Thus the resonator head is always the same distance from the user's respiratory orifices. The actual breathing mask is pushed with its flange on to the resonator and held on the resonator head during use. The stop formed in the interior of the extension ensures that the resonator atomiser plate always extends the same distance into the cup-shaped interior of the breathing mask. This is completely independent of the length of the resonator head. The opening provided in the mask enables the inhalant to be conveyed unimpeded from the inhalant container to the resonator atomiser plate. In a preferred embodiment the stop is of annular formation and an elastically deformable oscillation attenuator is provided between the stop and the resonator which prevents any oscillations produced by the resonator from being transmitted to the breathing mask.

Embodiments by way of an example of the invention are shown in Figures 1, 2 and 3 and described more fully hereinafter.

Figure 1 schematically shows the structure of an ultrasonic inhalation apparatus.

Figure 2 shows a section through a resonator encapsulated in fluidtight manner according to the invention, and Figure 3 shows a further embodiment of breathing mask.

The ultrasonic inhaler consists of the housing 1 and a breathing mask 2. Mounted in the housing are the frequency generator 3, the resonator head 4 and the inhalant container 5 with means for transporting liquid to the resonator head 4. The breathing mask is fitted on the resonator head and is held by the latter. The resonator head 4 consists of the resonator 6 and the head terminal plate 7. The resonator 6 and the head terminal plate 7 are encapsulated in fluidtight manner. The frequency generator 3 accommodated in the housing 1 delivers at least two different output frequencies.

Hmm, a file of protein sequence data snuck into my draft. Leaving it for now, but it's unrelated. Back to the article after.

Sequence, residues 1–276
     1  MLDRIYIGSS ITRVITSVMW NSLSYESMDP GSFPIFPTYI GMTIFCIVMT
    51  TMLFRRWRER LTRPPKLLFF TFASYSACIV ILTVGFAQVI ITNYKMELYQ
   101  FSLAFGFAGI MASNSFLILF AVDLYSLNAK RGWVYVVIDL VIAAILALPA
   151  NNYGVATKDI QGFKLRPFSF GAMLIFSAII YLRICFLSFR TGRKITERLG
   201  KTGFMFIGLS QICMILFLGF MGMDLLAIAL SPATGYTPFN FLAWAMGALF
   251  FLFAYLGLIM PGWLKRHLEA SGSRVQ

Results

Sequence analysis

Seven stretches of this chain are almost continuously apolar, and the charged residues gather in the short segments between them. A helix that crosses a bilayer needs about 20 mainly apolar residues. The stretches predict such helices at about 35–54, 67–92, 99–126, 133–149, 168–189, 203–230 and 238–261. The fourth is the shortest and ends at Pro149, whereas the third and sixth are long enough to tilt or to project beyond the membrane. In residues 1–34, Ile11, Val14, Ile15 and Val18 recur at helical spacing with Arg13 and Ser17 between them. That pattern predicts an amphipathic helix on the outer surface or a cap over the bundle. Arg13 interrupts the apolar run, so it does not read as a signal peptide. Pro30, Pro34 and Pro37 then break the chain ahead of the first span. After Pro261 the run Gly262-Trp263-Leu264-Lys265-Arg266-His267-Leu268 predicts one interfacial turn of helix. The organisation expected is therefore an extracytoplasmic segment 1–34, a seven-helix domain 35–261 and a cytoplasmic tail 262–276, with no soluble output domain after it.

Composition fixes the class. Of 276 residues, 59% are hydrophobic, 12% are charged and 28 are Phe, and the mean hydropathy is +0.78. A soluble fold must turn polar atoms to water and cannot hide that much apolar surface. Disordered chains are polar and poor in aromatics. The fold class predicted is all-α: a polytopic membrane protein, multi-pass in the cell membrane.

The electronic frequency generator is mounted on an output terminal plate 8. Sockets 1 5 to which the output frequencies of the electronic frequency generator 3 are applied are fixed in this output terminal plate.

A flange 10 is formed on the outside of the resonator head 4. Between the flange 10 and the casing 11 there is an elastically deformable seal 12. This ensures that the removable resonator head 4 is encapsulated in fluidtight manner. Thus, it is possible to remove the resonator head from the ultrasonic inhaler after each use and subject it to thorough disinfection.

Mounted in the head terminal plate 7 are a plurality of plug pins 1 3, one of which 14 projects beyond the other plug pins 13. This ensures that all the plug pins 13, 14 can be connected to the corresponding plug sockets 15 in the output terminal plate 8.

The resonator head plate 7 is located on the side of the resonator 6 remote from the frustum end. The printed conductor side of the plate 7 faces the resonator 6. On the head plate 7 there is a total of twelve plug pins 13, 14 which are soldered into the head printed circuit, and the free ends of which project out of the resonator head 4, which is enclosed in fluidtight manner. The plug pins 13, 14 engage in the corresponding plug sockets in the output plate 8. Of the twelve plug pins in the resonator head plate only two plug pins are connected to the resonator 6. The other ten are connected to one another by printed conductors so that, in the plugged-in state in which the plug pins and sockets are connected, the printed conductors of the output plate 8 are interconnected in a specific manner, so as to generate the frequency needed to excite the resonator head 4.